ARM Holdings shares hinge on Q2 guidance, not Apple

<p>ARM Holdings will release earnings on Tuesday 21st April, though it may also have to fend off questions about being a potential takeover target. The […]</p>

ARM Holdings will release earnings on Tuesday 21st April, though it may also have to fend off questions about being a potential takeover target.

The designer of the main microchips for virtually every smartphone in existence will report first-quarter earnings that are expected to be robust.

The Cambridge, United Kingdom-based firm already dropped strong hints about its Q1 in February.

ARM guided in its final quarterly earnings for 2014 that revenues in Q1 of the current year would probably be up at least 10%.

It cited “strengthening royalty revenue growth, and our expectation of the profile of licence revenue through the year.”

Since then however, the US dollar has risen by a further 5.5%, extending its longest and strongest uptrend for decades into an eighth month.

Given that ARM invoices in US dollars (whilst reporting earnings in sterling) its top-line earnings might well look stronger than guidance.


ARM Holdings Q1 results: consensus forecasts
    Year/year growth
Revenue £222.60m 19.2%
Cash EPS £7.21 23.5%
Underlying net profit £96.55m 43.4%

Forecasts compiled by Thomson Reuters


However, ARM has still been indirectly impacted by the dollar’s rally, with its shares dropping as much as 14% on an intraday basis between 25th and 26th March, as investors reacted to revenue forecast cuts by peer SanDisk.

More pointedly, ARM customer Taiwan Semiconductor Manufacturing (TSM) was also forced to warn last week that increasingly ferocious competition, easing smartphone demand in emerging markets and the rise of Taiwan’s dollar would push the Taipei-based firm’s Q2 sales 6.7% lower versus Q1.

TSM is certainly a bellwether for international chip sales, and this was backed up by industry data firm IDC saying smartphone shipments would grow 12% in 2015 from 26% in 2014.

If ARM customer purchases are indeed slowing down, the weakness could gradually start to show in ARM’s revenues in later quarters, and that has evidently begun to worry investors.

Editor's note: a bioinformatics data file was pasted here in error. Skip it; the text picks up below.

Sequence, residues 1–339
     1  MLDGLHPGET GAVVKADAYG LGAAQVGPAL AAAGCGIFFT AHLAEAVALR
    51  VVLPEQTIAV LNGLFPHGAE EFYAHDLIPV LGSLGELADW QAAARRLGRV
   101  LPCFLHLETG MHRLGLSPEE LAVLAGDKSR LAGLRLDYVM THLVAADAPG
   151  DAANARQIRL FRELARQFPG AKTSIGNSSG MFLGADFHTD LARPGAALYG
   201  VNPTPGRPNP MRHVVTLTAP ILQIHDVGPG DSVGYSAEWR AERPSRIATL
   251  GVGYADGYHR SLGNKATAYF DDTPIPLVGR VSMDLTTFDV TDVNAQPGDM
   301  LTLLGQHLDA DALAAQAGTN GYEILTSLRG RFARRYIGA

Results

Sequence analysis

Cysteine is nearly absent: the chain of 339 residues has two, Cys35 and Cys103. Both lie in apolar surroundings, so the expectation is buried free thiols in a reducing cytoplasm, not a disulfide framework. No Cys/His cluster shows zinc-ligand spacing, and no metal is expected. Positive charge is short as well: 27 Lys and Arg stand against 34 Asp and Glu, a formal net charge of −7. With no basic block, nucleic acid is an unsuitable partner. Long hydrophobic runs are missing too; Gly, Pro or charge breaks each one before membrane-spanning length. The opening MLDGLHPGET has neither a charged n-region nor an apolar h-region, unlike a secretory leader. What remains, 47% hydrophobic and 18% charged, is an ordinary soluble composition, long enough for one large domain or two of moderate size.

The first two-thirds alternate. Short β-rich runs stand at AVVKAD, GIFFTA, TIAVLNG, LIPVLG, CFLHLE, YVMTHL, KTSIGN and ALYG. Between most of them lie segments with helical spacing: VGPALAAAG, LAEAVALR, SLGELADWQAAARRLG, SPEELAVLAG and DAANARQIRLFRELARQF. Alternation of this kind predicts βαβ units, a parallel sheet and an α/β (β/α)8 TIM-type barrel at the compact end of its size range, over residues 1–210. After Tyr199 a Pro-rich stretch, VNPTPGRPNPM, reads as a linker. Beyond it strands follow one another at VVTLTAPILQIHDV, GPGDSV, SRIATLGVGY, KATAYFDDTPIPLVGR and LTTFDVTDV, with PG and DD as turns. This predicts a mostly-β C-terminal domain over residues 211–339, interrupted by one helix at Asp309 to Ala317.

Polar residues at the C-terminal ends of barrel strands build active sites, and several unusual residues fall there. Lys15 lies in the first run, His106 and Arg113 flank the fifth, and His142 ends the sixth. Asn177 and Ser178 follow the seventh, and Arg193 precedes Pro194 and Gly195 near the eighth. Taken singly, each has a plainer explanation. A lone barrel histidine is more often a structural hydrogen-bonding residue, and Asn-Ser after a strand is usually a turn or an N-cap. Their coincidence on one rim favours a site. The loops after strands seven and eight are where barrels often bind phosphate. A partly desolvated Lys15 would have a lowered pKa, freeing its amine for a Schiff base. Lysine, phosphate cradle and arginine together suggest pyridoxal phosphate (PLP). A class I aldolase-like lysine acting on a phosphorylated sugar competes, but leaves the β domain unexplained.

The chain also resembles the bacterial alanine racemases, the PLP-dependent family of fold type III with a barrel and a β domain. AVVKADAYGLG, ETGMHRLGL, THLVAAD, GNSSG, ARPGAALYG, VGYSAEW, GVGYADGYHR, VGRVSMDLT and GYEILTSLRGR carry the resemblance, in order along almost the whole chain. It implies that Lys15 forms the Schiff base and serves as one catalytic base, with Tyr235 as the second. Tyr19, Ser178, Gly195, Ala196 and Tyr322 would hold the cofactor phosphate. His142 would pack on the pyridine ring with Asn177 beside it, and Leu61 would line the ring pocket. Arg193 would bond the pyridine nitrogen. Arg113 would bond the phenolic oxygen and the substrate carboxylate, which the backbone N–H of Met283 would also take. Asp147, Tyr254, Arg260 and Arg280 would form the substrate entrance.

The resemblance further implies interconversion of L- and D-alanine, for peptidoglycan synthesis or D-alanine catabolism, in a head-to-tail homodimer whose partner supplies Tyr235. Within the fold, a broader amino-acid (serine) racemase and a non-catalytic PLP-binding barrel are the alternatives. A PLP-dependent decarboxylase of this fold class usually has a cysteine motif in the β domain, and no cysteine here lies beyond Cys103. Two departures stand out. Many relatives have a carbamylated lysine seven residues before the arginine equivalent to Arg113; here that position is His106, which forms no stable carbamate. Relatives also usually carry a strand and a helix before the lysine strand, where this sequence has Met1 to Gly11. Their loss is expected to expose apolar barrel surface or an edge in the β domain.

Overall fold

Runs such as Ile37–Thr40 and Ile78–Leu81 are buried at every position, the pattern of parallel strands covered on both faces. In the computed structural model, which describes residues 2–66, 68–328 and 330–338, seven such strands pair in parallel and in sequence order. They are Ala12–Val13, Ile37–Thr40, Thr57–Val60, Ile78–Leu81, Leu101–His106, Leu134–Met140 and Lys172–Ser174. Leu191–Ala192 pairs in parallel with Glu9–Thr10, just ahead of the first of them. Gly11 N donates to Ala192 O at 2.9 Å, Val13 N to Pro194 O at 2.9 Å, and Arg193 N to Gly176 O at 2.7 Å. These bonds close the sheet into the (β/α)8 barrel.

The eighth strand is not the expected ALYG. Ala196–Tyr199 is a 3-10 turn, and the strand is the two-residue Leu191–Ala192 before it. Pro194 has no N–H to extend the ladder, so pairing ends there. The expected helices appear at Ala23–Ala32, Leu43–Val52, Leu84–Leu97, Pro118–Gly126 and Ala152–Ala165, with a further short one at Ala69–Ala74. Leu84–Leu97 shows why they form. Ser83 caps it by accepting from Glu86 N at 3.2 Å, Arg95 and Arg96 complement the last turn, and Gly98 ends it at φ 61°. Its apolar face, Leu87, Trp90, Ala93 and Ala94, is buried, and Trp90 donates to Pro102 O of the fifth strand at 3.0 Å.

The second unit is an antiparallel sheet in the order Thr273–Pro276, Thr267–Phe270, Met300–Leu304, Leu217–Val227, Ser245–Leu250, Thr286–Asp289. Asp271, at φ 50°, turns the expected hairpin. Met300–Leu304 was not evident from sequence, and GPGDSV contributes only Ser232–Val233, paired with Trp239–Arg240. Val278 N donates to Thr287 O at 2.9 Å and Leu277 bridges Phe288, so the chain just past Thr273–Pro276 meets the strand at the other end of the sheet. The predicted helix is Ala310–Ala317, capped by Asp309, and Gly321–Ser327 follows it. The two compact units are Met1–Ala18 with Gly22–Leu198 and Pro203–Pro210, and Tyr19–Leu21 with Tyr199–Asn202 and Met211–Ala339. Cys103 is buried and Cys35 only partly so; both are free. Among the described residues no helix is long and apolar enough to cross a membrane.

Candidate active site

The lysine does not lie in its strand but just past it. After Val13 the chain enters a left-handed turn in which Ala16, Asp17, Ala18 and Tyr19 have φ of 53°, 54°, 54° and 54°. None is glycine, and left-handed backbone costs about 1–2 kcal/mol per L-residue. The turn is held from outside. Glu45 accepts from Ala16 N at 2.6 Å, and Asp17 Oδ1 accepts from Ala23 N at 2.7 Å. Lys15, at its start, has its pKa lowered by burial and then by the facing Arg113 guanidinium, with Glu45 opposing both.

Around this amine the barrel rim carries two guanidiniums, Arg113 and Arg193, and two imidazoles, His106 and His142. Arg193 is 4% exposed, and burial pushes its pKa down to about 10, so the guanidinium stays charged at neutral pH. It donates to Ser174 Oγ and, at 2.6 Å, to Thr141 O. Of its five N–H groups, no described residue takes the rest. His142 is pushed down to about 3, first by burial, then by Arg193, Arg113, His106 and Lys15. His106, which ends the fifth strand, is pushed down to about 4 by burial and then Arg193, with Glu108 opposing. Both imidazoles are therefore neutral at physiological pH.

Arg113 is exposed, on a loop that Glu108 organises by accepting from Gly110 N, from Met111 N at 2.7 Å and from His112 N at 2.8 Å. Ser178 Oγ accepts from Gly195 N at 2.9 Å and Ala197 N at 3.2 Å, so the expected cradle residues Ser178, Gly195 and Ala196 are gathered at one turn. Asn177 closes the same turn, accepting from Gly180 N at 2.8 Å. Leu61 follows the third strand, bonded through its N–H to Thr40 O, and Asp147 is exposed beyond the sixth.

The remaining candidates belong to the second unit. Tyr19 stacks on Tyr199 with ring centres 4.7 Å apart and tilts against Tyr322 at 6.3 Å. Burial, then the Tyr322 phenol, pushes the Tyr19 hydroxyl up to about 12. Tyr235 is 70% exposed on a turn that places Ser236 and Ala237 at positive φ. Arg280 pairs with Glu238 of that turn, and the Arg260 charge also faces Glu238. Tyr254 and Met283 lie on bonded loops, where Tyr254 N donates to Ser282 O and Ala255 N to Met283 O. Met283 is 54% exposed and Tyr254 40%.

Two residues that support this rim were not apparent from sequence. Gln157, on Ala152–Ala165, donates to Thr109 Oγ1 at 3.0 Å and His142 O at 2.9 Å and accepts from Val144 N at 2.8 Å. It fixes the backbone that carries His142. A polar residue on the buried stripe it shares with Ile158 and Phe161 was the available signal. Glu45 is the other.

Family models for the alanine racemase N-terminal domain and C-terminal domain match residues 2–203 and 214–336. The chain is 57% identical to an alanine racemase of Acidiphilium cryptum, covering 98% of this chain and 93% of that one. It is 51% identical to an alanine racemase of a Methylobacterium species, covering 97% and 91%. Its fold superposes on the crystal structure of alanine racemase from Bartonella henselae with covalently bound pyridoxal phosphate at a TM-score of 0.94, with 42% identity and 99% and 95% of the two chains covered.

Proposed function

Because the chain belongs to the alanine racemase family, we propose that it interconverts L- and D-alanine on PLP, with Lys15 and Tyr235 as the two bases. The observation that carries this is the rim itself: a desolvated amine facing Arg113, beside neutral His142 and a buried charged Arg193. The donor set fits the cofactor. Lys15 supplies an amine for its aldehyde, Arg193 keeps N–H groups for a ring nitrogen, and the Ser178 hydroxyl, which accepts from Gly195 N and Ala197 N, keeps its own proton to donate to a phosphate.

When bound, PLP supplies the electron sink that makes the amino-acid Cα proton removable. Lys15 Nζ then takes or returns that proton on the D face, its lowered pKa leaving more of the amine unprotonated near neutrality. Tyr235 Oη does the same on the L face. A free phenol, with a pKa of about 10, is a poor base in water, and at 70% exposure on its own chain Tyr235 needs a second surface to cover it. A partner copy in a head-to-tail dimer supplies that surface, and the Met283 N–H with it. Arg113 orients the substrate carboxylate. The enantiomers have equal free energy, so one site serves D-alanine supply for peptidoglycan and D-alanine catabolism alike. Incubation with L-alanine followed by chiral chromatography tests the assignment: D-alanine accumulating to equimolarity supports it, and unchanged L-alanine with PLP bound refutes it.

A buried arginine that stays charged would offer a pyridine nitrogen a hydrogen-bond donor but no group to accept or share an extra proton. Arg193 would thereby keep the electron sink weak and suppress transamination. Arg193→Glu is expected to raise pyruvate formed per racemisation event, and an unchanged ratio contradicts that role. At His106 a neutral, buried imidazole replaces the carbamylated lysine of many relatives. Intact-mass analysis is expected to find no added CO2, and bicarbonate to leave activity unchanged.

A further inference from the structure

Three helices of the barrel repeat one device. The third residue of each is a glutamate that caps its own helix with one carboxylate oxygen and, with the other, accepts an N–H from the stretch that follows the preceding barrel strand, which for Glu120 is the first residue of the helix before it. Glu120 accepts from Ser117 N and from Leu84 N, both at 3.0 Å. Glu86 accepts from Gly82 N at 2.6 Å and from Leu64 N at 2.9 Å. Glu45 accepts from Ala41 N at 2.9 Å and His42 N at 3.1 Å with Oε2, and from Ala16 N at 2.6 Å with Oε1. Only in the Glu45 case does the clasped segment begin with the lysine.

Especially after ARM shares advanced 53% between October and March.






Put down the rumour, pick up smartphone, FX guidance

It’s interesting how the emergence of such niggles often coincides with takeover talk.

Such talk is often a re-hash of already aired rumours too, and this was the case for ARM, when rumours apparently stemming from a Chinese news report bumped its stock up 21p on Thursday 9th April.

Once again, ARM’s lucrative and long-lasting relationship with Apple Inc. was at the root of the talk.

But common sense alone continues to argue against a consumation of the sort some market participants enthused about.

For one thing, Apple would be going about buying the UK firm in an odd way given that it has been steadily reducing its stake for years since its holding in ARM peaked in February 1999.

The Cupertino, California giant does not appear to own a level of ARM shares that would oblige it to report the holding to market regulators, according to ARM’s shareholder register.

More to the point, Apple’s purchase of ARM, close to the highest market value of the UK firm in its history, would risk ARM’s other clients taking their custom elsewhere.

It would be quite a silly acquisition on that basis.

A more pressing point to watch out for is whether currency effects have begun to weigh on consumer behaviour enough to impact ARM sales later in 2015.

Apple’s iPhone 6 phones especially are known to have seen record sales.

Sales of the new Samsung Galaxy S6 have also been the subject of promising reports.

These royalties would begin to show in the next quarter, making guidance a major focus.

Any updates on progress in adoption of ARM’s 64-bit V8 architecture, and big.LITTLE mobile processor should also be scrutinised closely.


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